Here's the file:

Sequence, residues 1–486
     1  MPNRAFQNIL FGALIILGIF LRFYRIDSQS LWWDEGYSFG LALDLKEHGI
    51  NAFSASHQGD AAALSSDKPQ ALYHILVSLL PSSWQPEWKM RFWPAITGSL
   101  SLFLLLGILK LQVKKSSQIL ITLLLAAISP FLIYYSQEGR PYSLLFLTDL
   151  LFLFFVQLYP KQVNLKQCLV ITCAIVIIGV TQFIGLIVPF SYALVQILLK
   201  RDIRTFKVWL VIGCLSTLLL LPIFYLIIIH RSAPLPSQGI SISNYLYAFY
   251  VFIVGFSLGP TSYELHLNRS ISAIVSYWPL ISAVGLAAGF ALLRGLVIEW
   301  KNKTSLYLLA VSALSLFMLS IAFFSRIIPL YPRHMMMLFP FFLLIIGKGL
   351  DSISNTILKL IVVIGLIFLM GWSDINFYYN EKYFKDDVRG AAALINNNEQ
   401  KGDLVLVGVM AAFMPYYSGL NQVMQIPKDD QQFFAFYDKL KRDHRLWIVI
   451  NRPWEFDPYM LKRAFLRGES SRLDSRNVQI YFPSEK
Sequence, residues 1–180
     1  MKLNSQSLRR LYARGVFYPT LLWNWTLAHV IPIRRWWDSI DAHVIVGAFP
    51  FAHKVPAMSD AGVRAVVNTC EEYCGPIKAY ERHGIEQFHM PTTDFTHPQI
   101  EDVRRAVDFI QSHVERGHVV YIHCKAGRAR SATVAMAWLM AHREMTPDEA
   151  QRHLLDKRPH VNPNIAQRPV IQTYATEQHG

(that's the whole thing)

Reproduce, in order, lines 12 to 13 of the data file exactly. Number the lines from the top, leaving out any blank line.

Sequence, residues 1–180
     1  MKLNSQSLRR LYARGVFYPT LLWNWTLAHV IPIRRWWDSI DAHVIVGAFP